LS colorectal cancers are adenocarcinomas in type, often poorly differentiated or sometimes undifferentiated, occasionally with a dyscohesive appearance. They have prominent tumour-infiltrating lymphocytes and peritumoural Crohns-like lymphoid cell aggregates (Fig. 2) and arise more often in the proximal than in the distal bowel. The major affected genes in LS are MSH2 and MLH1, accounting for 40–45 % LS families each, with the others being mostly due to MSH6 and PMS2 mutations (∼5–10 % LS families each), with rare LS families having other affected genes [18]. The resulting failure to repair DNA replication-associated mismatch errors in these tumour cells produces a high frequency of mutations, either as single base mismatches or in regions of short tandem DNA repeats (the repeat units often being 1–4 bp in length), known as microsatellites. Thus, DNA extracted from such LS tumours shows variation in length (longer and shorter) of a significant proportion of microsatellites, often more than 30 % of those microsatellite markers tested, a phenomenon known as microsatellite instability at high frequency (MSI-H).
Fig. 2

Integration of morphological and molecular features of colorectal cancer, including the serrated precursors sessile serrated adenoma/polyp and traditional serrated adenoma. a Poorly differentiated colorectal cancer (on the left) of CMS1 (MSI-immune) with prominent tumour-infiltrating lymphocytes (TILs) and underlying lymphocytes within the submucosa with adjacent muscularis mucosae and crypt bases (on the right). b Immunohistochemical stain for MLH1 showing loss of expression of MLH1 protein in the adenocarcinoma (bottom left) with positive staining for MLH1 in the overlying adenoma (top right) and adjacent lymphoid and stromal cells. c Sessile serrated adenoma/polyp showing a high-power view of the bases of dilated and serrated crypts with boot-shaped architecture and horizontal growth along the top of the muscularis mucosae, with mild nuclear enlargement but no dysplasia. d Traditional serrated adenoma showing a high-power view of an elongated dysplastic crypt with small lateral ectopic budding crypts, projecting at 90° to the main axis of the long crypt. The nuclei are elongated, displaying a pencillate pattern of low-grade dysplasia. (All photomicrographs taken at ×100 magnification)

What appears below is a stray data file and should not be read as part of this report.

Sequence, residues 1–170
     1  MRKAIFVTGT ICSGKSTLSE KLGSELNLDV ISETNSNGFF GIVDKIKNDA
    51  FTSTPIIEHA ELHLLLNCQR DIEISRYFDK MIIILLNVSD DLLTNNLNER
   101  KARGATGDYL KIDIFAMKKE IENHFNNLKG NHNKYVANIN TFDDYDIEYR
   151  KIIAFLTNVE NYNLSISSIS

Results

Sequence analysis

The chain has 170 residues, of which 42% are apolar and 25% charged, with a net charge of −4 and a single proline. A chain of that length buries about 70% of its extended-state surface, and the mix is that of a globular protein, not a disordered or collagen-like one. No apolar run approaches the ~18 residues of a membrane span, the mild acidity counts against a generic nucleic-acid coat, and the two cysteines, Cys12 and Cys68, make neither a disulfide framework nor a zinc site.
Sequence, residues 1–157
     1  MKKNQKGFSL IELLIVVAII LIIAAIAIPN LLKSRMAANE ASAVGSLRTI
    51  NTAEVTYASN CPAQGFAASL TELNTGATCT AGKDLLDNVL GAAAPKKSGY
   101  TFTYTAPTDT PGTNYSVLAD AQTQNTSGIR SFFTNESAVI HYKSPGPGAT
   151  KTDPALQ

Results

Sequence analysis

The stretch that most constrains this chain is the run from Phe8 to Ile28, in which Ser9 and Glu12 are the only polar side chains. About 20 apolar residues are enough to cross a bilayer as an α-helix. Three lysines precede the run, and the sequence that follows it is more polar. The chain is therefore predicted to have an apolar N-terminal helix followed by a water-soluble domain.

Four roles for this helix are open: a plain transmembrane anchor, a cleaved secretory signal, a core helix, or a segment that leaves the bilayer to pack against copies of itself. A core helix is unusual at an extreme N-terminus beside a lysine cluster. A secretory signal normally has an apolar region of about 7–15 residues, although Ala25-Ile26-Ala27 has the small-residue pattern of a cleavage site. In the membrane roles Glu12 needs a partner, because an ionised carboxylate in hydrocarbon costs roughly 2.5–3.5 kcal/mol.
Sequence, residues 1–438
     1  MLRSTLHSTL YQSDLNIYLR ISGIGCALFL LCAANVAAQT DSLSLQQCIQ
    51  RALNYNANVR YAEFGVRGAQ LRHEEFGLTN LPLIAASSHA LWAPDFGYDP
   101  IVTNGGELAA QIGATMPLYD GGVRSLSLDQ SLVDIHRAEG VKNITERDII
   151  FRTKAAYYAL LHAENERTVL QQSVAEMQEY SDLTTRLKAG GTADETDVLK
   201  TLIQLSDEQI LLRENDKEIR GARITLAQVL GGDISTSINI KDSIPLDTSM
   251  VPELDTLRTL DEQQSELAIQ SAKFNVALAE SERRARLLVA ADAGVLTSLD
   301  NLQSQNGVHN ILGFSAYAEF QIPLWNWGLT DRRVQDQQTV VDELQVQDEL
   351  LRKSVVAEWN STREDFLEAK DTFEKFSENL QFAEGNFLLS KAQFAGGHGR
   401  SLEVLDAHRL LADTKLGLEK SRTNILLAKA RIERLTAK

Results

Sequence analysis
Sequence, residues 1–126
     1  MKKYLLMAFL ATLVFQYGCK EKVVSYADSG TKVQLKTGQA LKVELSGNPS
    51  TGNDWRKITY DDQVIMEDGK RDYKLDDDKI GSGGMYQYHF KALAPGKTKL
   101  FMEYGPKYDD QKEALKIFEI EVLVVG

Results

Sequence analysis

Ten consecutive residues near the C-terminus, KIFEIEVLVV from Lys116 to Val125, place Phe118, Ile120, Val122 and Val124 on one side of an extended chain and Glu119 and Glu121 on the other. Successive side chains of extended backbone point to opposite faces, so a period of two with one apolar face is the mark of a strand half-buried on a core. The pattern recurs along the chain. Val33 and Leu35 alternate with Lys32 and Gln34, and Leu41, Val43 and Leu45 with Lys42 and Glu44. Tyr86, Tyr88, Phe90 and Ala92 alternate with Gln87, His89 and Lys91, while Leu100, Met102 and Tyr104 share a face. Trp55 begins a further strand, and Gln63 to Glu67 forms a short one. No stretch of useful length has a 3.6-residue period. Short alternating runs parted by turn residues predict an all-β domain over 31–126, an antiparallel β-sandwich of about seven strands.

Following DNA damage or most commonly following DNA replication-associated mismatch errors, MMR proteins normally recognise both base mismatches and the insertion/deletion loops (IDLs) that occur in repetitive sequences. Recognition of mismatches and single base IDLs involves the heterodimeric complexes of MutS-related proteins MSH2 and MSH6 (known as hMutS-Alpha), whereas IDLs of 2–8 nucleotides are recognised by the complex of MSH2 and MSH3 (known as hMutS-Beta). There is overlap in the specificities of these two complexes and hence some redundancy in their activity. A second type of heterodimeric complex, involving two MutL-related proteins, such as either MLH1 and PMS2 (hMutL-Alpha), or MLH1 and PMS1 (hMutL-Beta), binds to the hMutS complex along with other protein components, so that excision of the recently synthesised error-containing DNA strand occurs and resynthesis of the correct sequence of nucleotides can take place, thus repairing the error [20].